Monfils upsets seedings on his comeback
Gael Monfils, the former world No 7 from France who is seeking to resurrect his career after a knee injury, upset the seedings to reach the quarterfinals of the Qatar Open in Doha in his first tournament back.
Without a match for two and a half months, and now down at 77 in the rankings, Monfils edged out Philipp Kohlschreiber, the third-seeded German, by 6-4, 2-6, 6-4 in a two-hour contest full of absorbing, varied rallies.
These suggested no further problems with Monfils's long-lasting ailment.
They also hinted at seriously renewed ambition for the 26-year-old Switzerland-based Parisian, who has often appeared to possess enough speed, serving ability, and inspirational flair to make the later stages of Grand Slams.
Now though, after a mental dip in the second set, it was greater consistency which enabled Monfils to prevail in the final stages of the deciding set, in which he snatched its only break of serve in the very last game.
"I didn't know what to expect (from myself), but I produced good tennis," said Monfils, whose biggest dilemma often seemed to be in regaining an instinct for how and when to mix patience with daring.
"I am physically a hundred per cent," he insisted. "My knee is fine, and I moved well and I ran fast. I am very happy. Tonight I am pleased with my game."
Monfils also timed perfectly the one break of serve which decided the first set, grabbing it in the last game as he punished Kohlschreiber for two dicey approaches to the net.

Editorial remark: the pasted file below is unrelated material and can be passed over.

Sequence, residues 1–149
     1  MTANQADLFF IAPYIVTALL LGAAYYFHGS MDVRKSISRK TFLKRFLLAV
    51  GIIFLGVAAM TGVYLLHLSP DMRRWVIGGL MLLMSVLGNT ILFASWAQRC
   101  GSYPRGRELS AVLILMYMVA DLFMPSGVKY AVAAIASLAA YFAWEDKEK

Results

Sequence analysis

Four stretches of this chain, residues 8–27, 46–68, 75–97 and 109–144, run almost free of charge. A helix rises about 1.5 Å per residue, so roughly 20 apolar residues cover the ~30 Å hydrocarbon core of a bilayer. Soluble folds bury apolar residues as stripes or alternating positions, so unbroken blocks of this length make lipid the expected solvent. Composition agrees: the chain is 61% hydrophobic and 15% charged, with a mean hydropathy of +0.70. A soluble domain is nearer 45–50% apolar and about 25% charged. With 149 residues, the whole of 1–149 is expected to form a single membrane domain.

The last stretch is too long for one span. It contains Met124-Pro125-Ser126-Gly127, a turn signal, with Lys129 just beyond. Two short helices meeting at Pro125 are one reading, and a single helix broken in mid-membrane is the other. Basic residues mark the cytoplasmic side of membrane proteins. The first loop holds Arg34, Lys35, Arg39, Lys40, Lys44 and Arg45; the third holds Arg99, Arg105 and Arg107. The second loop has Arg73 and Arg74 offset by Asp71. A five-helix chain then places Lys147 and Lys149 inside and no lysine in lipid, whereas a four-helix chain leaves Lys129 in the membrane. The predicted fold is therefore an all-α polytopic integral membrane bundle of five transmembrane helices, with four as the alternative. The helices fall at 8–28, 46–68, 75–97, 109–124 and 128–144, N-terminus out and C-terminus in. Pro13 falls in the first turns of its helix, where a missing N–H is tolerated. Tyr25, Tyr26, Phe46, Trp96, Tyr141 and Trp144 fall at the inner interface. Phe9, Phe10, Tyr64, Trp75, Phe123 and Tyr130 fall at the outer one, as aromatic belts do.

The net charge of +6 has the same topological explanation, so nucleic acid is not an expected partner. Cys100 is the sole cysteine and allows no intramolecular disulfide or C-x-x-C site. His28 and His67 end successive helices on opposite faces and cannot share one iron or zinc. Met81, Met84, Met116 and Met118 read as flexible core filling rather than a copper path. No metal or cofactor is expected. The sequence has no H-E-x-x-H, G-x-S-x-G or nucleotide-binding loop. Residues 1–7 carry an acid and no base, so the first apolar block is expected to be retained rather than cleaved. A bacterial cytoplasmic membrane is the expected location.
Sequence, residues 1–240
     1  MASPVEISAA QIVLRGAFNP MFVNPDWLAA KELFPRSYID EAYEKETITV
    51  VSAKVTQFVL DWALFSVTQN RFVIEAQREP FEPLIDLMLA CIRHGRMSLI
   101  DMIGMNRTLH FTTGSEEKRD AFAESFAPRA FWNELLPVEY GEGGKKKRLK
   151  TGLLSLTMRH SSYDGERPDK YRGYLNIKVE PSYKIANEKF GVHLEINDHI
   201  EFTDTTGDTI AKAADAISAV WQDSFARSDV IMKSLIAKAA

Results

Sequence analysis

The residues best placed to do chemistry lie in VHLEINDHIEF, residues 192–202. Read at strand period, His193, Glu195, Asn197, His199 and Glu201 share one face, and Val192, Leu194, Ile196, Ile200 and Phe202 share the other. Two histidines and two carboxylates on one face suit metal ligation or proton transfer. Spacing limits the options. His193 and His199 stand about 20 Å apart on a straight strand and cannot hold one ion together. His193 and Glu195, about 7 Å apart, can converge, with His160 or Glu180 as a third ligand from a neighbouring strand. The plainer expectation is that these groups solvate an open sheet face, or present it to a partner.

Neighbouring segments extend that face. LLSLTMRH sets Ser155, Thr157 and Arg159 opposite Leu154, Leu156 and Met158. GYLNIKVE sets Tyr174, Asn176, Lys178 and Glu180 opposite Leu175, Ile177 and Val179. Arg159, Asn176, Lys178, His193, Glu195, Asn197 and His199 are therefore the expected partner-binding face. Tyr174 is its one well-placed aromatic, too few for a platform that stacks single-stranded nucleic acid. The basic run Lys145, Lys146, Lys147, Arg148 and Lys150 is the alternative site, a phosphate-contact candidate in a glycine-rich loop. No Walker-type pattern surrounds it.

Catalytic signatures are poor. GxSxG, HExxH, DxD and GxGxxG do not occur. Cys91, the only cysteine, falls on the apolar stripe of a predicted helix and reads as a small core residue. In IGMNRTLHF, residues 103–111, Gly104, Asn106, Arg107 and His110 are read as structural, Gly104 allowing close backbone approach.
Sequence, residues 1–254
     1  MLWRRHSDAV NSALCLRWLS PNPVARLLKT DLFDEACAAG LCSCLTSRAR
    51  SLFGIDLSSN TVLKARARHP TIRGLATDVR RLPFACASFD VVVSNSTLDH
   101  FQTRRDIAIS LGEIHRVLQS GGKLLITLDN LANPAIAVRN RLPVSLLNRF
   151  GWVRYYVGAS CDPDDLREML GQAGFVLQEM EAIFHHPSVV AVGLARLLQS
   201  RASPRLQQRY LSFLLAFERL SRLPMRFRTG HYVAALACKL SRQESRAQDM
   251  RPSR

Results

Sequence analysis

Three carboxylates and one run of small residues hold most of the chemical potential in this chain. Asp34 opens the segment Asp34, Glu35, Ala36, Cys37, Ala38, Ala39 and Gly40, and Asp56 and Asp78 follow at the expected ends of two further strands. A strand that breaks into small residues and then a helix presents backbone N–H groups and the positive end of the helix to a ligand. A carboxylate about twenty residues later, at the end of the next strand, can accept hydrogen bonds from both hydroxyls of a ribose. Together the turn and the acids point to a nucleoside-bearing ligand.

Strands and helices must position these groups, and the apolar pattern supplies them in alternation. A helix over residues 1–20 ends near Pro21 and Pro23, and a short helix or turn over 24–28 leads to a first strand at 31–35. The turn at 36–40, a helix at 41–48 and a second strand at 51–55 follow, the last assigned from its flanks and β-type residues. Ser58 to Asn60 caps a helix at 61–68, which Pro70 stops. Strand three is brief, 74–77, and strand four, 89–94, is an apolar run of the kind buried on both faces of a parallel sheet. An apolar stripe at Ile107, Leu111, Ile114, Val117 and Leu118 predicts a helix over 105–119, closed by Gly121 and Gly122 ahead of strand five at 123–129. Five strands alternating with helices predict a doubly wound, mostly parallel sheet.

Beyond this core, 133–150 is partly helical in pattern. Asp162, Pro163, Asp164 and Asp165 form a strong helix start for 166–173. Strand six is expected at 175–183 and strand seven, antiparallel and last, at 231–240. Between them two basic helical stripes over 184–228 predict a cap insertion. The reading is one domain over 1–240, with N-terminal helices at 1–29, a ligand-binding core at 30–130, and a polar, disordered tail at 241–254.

The German has nevertheless finished 2012 as his country's top player and as a top 20 player for the first time, and showed his ability as he quickly got on top in the second set when Monfils' standard dropped.
This appeared to be a response to a warning the Frenchman got for a time violation - taking too long between rallies - and after dropping serve immediately, he was soon a double break down and out of that set.
When twice break point down in the third game of the final set, though, Monfils' responses were different. A forehand drive taken enterprisingly from the backhand tramline averted the first crisis and a heavy serve the other. After that his focus seemed to intensify.
By contrast Kohlschreiber appeared to commit himself inflexibly to all-out attack on crucial points during the climax of the contest.
He was a second match point down after risking a foray to the net, only to find Monfils' dipping response catching him low at his feet. And Kohlschreiber lost it with another ambitious backhand, this time directed over the high part of the net but instead catching it.
Monfils on Thursday has a last eight meeting with another German, Daniel Brands, a qualifier ranked outside the top 150 - with every prospect of making the semis.
Earlier Mikhail Youzhny, the No 4 seed, became another of six seeds to have fallen in two and a half days. His defeat created very different emotions within a 40-hour span.
Youzhny had been sharing a celebratory new year's drink with his fellow Russian, Nikolay Davydenko, two days ago. Now he was trying to shrug off disappointment as he was beaten by his compatriot.
Davydenko, a 31-year-old former world No 3, was impressive during the second set of a 7-5, 6-3 win which suggested it may indeed be worth making one last major push for success.